“We give them the opportunity to tell their stories — to tell about the rewards, the successes and even some of the challenges and how they manage the situation and just some day-to-day life stories,” Johnson said.

She shared that this program is “powerful” because the caregivers are everyday people — Springfield residents — that others know. She said it also helps, again, remove the stigma and brings more of an empowerment to say, “I can make it forward too.”

Looking ahead, Johnson said they plan to continue offering these programs because they recognize the importance and significance it has in terms of outcome.

A new program that will also be offered this year is called “Brain Health.” This is a program that the coalition hopes to sponsor annually. It is not only designed to bring awareness to dementia but to also get more people on board, Johnson shared.

During the program, there will be videos, education sessions on how to reduce the risk of Alzheimer’s, the benefits of detection and screening, and care and support. She added that the overall purpose is really focusing on community outreach.

“Unfortunately, the number of folks who are diagnosed with dementia is rising and it’s [going to] continue to rise. So, we feel that this is a proactive program and conference in letting people know that dementia is really a public health concern as well,” Johnson said.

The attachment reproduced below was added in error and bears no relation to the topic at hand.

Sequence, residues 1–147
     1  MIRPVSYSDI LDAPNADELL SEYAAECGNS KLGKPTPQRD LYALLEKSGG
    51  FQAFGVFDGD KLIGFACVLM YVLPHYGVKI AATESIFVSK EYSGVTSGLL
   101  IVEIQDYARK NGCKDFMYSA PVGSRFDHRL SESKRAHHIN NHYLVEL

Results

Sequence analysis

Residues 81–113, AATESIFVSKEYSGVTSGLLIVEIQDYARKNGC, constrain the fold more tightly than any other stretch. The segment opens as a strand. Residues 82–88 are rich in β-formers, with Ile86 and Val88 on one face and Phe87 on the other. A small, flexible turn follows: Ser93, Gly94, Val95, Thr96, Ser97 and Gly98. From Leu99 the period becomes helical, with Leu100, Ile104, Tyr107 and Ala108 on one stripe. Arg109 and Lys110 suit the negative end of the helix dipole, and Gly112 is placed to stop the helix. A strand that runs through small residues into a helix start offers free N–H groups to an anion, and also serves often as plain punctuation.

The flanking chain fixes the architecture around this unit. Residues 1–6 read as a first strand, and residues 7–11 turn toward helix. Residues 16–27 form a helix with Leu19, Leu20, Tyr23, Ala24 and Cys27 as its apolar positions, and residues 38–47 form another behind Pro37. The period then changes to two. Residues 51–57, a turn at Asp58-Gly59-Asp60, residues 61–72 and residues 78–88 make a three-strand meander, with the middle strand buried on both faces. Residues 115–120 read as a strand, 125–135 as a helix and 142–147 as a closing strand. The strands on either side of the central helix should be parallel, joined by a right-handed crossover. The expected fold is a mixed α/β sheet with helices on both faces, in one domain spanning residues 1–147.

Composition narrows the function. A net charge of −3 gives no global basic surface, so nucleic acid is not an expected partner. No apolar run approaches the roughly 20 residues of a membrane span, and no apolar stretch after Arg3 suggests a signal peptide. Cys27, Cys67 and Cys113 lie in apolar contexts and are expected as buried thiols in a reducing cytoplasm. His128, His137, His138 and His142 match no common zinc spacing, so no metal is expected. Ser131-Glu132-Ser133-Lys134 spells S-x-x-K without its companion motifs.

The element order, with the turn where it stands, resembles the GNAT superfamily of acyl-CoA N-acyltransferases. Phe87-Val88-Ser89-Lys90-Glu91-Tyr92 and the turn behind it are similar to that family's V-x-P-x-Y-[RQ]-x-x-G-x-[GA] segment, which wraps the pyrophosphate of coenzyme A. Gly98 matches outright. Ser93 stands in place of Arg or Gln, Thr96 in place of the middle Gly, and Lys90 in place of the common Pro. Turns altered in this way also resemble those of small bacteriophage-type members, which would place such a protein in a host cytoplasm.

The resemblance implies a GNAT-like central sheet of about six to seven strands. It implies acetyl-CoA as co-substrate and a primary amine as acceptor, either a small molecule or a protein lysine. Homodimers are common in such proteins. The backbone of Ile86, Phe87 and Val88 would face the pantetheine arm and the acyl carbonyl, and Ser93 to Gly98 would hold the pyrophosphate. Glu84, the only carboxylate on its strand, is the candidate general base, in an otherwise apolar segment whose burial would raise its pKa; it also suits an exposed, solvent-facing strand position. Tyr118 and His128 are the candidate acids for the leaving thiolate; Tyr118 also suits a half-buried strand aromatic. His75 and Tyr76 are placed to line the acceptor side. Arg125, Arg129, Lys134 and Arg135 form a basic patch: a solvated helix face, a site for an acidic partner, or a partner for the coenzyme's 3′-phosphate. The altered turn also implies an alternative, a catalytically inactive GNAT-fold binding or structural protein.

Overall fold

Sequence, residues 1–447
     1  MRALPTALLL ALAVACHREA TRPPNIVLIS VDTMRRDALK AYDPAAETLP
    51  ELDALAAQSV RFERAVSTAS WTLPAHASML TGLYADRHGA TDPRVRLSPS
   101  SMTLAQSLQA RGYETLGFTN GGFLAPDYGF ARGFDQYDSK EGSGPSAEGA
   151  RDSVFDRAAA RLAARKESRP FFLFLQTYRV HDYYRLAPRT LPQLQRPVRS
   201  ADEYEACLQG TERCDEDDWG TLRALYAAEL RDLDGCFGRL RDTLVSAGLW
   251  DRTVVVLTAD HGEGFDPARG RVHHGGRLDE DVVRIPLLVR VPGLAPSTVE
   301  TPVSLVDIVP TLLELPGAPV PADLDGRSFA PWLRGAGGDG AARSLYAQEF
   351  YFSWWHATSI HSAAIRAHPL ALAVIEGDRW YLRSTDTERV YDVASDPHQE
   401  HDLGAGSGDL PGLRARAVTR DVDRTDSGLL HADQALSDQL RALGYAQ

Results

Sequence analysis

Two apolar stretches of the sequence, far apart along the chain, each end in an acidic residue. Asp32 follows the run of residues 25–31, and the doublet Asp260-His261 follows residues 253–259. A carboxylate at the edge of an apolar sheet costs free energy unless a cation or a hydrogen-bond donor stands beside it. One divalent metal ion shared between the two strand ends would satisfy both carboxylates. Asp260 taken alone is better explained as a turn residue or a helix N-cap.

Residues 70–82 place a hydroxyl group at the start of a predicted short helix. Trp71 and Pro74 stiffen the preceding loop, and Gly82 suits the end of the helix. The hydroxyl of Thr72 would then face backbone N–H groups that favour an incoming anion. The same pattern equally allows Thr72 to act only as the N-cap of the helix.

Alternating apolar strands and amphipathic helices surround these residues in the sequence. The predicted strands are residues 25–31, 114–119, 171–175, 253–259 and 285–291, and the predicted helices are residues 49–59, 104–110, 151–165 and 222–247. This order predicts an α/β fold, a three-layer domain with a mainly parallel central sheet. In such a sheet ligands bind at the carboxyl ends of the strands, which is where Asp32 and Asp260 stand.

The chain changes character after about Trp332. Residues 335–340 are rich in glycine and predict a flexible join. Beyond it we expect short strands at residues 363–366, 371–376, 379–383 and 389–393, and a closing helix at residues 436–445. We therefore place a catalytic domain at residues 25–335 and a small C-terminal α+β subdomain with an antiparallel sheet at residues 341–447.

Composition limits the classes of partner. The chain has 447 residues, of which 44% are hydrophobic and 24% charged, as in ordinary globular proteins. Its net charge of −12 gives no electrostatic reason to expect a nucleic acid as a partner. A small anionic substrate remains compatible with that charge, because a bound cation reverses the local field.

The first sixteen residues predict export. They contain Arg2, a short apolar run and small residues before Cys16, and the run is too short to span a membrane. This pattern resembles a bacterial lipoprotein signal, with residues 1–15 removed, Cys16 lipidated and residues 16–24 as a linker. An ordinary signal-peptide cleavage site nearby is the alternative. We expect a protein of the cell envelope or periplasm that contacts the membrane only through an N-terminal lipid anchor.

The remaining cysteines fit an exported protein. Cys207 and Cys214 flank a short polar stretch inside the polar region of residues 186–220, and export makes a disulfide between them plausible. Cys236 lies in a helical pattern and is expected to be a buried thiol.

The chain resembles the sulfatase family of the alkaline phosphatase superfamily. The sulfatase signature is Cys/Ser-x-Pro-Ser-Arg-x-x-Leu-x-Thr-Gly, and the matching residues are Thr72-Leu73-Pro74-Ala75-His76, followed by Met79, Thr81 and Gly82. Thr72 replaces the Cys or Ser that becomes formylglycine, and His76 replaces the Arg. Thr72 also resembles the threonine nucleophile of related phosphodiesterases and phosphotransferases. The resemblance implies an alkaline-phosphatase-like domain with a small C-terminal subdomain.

She noted that she does not want people to be afraid. “Fear is a powerful weapon that can either spur you ahead or it can make you submissive and we don’t want the submissive piece. We want you to feel comfortable and able to manage a quality of life whether it’s for you or someone you’re caring for.”

In December 2023, the coalition received a citation from the Springfield City Council for their resurfacing and efforts. Johnson said they were “honored” to have been recognized, and behind that recognition was the fact that the coalition has received a number of grants to assist with their efforts.
Johnson noted that the coalition is made up of a group of volunteers, all who have careers outside of the coalition, in various capacities. For example, Johnson is a social worker at Baystate Medical Center, working with the Geriatrics Department. Other coalition members work as public health specialists, day program owners, a nurse and two representatives from the Alzheimer’s Association to name a few. All members have experience or have had exposure to someone with dementia.

“The beauty is we’re bringing a lot of diverse talent to the coalition, so we are knowledge strong in terms of understanding the disease,” Johnson said.

The coalition has strong partnerships with Baystate Health, Greater Springfield Senior Services, Public Health Institute, Faith Health Alliance which is a group of churches and the Massachusetts Advisory Council on Alzheimer’s Disease and All Other Dementias. Johnson said this makes for a “supportive environment” to do the work.